School Vegetable Garden Project – part 1

Objective:

“To develop a school vegetable garden at BOLIGUDA primary school. This garden will supply vegetables, which can be used in children’s mid-day meal throughout the academic year thereby providing necessary nutrients to the children.”

Introduction

BOLIGUDA is a hamlet in the boipariguda block of the koraput district, Orissa. It comes under chandrapada panchayat. It has 86 households with a population of around 500. The population is predominantly ST. The primary school (class 0 to 5) in boliguda has one teacher and 31 students. Out of 31 students, 16 are girls and 15 are boys.

Present situation

Afternoon meal is provided to the children through the mid-day meal scheme. According to the present provisions rice, dal and soya bean are provided by the government but eggs and vegetables are bought locally from the market by the SMC.

Mid-day meal provisions per child per day

Item

Quantity/Amount

Acquired From

Rice 100gm Government
Dal 20gm
Soya bean 80gm
Vegetables Rs 0.37 Locally bought by SMC
Oil/Fuel Rs 0.35
Egg Rs 0.86
Maintenance Rs 0.20

Due to various reasons such as insufficient funds allocated per student for each commodity by the government, transport and storage issues, the children are often not provided vegetables in their mid-day meal. The only vegetable that is served now is potato and even that is served only twice a week.

The village is also cut off from the nearest vegetable market. The vegetable market is in boipariguda that is 8 km from the BOLIGUDA village and this remoteness makes it impractical to buy vegetables daily. Another issue is that the village itself doesn’t grow vegetables in a commercial scale. Whatever vegetables an individual family grows is just enough for their daily consumption.

Due to the unavailability of vegetables, children are robbed of vital micro nutrients that are needed for one’s physical and mental growth.

Solution

To tackle this issue a solution is proposed in the form of a school vegetable garden on the vacant land adjacent to the school. The goal of the project is that this vegetable garden will supply vegetables to the children throughout the academic year. The diagram below shows the plan of the school and the site of the proposed vegetable garden.

Government nutritional guidelines

quantity/day/child

Day

Item 1

Item 2

Item 3

Mon & Thur Rice – 100gm Dal – 25gm Veg – 25gm
Tue & Sat Rice – 100gm Soyabean-10gm Veg – 100gm
Wed & Fri Rice – 100gm Egg (1) Veg – 20gm

Based on the table above:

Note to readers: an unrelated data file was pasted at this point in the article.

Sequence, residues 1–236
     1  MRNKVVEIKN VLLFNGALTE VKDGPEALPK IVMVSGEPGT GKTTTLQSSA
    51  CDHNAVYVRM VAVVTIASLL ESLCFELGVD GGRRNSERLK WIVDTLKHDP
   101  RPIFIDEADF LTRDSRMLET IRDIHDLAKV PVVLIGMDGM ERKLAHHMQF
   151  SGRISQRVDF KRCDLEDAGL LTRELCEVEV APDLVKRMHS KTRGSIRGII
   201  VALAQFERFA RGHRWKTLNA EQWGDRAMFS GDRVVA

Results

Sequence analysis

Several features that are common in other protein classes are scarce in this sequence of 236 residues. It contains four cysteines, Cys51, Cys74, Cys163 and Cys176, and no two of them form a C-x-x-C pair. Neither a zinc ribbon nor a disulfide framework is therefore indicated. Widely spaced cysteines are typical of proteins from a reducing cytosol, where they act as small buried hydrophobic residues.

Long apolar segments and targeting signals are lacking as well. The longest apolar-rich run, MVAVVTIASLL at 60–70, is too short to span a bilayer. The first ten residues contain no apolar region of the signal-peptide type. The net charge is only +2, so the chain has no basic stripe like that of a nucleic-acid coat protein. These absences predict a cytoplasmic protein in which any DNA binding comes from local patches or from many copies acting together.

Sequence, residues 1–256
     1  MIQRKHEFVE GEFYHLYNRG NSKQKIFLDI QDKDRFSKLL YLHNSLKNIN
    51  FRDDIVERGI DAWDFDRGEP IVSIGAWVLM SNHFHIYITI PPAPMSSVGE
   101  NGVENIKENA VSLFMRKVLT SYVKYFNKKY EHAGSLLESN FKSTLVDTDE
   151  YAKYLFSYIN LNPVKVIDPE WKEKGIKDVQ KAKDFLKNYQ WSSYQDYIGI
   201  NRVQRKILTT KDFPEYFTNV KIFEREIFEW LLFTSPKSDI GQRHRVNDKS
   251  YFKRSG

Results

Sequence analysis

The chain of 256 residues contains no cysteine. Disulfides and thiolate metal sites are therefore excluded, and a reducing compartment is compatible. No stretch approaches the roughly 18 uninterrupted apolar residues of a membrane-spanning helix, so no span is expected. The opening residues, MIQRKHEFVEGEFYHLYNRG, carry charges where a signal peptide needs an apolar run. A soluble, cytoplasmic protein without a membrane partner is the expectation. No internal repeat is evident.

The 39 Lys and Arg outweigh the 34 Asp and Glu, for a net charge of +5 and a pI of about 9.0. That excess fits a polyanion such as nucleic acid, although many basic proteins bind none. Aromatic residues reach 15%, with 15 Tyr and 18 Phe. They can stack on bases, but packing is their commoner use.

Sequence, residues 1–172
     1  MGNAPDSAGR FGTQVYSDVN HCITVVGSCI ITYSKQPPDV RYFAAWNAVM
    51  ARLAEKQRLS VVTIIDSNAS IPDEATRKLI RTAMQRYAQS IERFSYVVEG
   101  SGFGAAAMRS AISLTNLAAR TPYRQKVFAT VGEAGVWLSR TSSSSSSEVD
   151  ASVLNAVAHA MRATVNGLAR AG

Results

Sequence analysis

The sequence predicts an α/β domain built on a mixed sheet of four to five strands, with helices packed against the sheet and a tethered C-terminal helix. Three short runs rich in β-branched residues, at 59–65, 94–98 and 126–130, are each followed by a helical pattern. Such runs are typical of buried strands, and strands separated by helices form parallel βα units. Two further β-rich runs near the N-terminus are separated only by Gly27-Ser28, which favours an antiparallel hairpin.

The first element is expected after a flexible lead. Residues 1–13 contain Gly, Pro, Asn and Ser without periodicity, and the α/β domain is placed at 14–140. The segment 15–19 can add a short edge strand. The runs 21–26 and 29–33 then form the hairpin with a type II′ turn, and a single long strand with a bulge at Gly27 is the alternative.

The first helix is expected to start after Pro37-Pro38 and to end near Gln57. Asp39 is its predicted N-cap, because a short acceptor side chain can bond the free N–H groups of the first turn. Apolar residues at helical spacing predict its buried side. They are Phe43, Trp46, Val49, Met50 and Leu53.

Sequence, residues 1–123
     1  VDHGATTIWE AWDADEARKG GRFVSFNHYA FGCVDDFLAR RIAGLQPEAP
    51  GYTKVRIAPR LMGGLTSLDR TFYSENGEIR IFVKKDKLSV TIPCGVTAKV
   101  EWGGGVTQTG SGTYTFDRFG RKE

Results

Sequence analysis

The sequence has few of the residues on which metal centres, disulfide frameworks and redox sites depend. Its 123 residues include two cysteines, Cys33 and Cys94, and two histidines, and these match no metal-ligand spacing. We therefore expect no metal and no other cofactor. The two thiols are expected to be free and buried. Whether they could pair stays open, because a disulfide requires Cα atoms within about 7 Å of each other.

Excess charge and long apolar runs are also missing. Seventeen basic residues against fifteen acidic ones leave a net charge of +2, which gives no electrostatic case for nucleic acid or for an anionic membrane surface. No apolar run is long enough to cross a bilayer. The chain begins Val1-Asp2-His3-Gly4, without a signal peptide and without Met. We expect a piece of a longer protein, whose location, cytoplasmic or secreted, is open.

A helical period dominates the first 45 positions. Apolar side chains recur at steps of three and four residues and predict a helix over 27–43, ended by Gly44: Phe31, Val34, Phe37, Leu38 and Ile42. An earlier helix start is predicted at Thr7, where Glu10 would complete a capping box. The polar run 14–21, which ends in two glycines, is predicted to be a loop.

For 1 week = (25*2 + 100*2 + 20*2) = 300 gm of vegetables are required for 1 child.

So for 31 children, 9300 gm i.e. 9.3 kg of vegetables is required for 31 children per week.

For a month we need 37 kg of vegetables to satisfy the vegetable needs of the school.

The idea is to see that at least 30kg per month is supplied from the school vegetable garden by employing good gardening practices. The types of vegetables and fruits that will be grown are papaya, drum stick, banana, brinjal, ladies finger, radish, pumpkin, chilli, carrot, tomato and spinach. This list was arrived to after discussing with students.

Stakeholders

The stake holders involved in this project are students, school teacher and the school management committee (SMC).The technical guidance, seeds and other inputs like organic fertilizers and pesticides will be provided by MSSRF.

SMC consists of 12 members – 1 head master, 1 panchayat member, 9 guardians (i.e. SHG) and 1 student representative.

The scope of the youth in the village participating in this project is also getting looked into especially for the maintenance of the vegetable garden.

Important steps involved in the project

  • Construction of temporary bamboo fence around the school ( depicted as a green outline the school diagram)
  • Land and Soil preparation
  • Sowing seeds
  • Construction of permanent fence ( barbed wire fence) once the vegetable garden is ready for plucking.
Community participation and teacher involvement at all stages of the project is important to make this project successful. But according to me if students can develop a sense of ownership and attachment with the garden it will go a long way in sustaining the garden.
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~ by vineethpvb on September 9, 2011.

5 Responses to “School Vegetable Garden Project – part 1”

  1. Hi Vineet:

    I would like to try this out in a slum in New Delhi. Can you provide me more information on how to go about setting up a vegetable garden ? What are the water requirements ? etc… Perhaps you know some people in Delhi, who would be interested in trying this out.

    Cool work.. liked reading your blogs.

    Please do drop me a mail (address should be available with the comment).

    Thanks,
    Naval

  2. what a good development

  3. Hey … How is this coming along?

    • hi

      i have updated the blog recently ….. please do check it.

      the project is a semi success to put it mildly. but hopefully the students will take it over from what i have done.

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